Last summer I visited worship media guru Greg Atkinson in Dallas. He shares my enjoyment of church-visiting and took me to several Dallas megachurches, as well as LifeChurch in Oklahoma City.

Churches out there are of a different breed - we have nothing like them in South Carolina. Things seem to be done on a grand, professional and quality level. The closest thing I've found around here is NewSpring.

Many of these churches are starting to do the multi-site thing, and LifeChurch has been doing it very successfully for a few years.

I'm seeing two trends in the multi-site world. Churches like Seacoast and Andy Stanley's North Point do things less expensively - usually meeting in rented facilities instead of building buildings. The North Point plant here in Greenville, Catalyst Church, as well as Seacoast Greenville are healthy, averaging a few hundred (I think Seacoast had around 325 the last Sunday Chris Sligh led worship before he went on the American Idol tour.) Catalyst meets in a rented theater, Seacoast meets in a rented middle school.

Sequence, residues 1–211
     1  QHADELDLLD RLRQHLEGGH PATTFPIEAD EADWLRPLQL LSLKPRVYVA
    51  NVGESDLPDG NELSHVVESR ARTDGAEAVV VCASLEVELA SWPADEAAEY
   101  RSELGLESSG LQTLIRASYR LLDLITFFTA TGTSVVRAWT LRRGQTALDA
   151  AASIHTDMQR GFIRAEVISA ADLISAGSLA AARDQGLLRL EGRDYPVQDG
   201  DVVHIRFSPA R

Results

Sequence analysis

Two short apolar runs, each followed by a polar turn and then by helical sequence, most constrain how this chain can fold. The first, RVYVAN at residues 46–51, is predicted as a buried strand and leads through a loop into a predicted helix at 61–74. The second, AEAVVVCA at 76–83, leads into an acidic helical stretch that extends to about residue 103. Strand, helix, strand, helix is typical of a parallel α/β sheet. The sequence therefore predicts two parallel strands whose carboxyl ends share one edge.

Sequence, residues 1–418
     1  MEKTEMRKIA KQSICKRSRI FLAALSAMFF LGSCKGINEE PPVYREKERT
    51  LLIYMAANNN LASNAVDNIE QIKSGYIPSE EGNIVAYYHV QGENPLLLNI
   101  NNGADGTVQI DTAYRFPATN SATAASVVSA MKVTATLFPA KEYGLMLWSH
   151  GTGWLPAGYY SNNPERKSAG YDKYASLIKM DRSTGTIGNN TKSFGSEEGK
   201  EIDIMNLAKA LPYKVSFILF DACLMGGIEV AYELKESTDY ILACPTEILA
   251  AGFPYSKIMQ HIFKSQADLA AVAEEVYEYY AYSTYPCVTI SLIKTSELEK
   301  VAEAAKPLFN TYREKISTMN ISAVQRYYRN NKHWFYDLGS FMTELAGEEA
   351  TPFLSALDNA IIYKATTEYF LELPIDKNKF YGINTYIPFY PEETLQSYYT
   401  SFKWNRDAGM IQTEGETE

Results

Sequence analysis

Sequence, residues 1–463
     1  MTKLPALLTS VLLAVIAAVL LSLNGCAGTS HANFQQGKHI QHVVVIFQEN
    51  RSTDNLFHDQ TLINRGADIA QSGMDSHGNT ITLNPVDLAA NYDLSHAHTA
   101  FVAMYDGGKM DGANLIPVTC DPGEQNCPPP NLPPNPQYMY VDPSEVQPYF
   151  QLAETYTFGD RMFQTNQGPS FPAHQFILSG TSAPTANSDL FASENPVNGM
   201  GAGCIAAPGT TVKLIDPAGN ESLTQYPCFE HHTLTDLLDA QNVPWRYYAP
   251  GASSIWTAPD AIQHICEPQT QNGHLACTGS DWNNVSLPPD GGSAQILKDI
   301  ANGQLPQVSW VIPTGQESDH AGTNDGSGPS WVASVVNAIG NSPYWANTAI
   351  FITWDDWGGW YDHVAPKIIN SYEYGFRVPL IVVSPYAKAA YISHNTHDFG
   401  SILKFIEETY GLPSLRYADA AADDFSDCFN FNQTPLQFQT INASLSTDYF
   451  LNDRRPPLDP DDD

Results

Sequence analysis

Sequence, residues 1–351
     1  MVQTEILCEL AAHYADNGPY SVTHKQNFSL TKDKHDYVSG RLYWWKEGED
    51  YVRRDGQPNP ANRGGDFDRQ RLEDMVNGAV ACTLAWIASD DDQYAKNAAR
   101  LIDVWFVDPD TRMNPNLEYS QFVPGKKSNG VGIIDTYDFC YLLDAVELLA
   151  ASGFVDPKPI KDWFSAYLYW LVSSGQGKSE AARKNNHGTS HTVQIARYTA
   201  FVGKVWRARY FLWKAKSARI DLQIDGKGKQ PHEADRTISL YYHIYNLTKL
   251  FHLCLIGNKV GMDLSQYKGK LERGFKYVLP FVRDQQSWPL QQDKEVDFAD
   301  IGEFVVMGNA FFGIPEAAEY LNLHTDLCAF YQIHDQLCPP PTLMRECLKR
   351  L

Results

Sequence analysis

On the other hand, churches like LifeChurch spend big bucks on their plants. They try to make the plant nicer than the mother church - the theory being that they don't want people at the plant to feel like they're missing out. I visited both the "mother" LifeChurch and a plant and I actually liked the plant's facilities a little better.

You'll hear good men on both sides of the fence tout their philosophy - to build or not to build. Sure, it's cool to not spend money on buildings - Saddleback met in elaborate tents for years. But take it from someone who's been there - it gets real old real quick when you don't have a permanent home and have to set up from scratch every Sunday. A church where I worked met for a few years in a public school and it was all we could do every Sunday to make sure everything was plugged in and worked, let alone worry about music quality and worship flow. If you're not in a permanent home you're always in danger of being kicked out.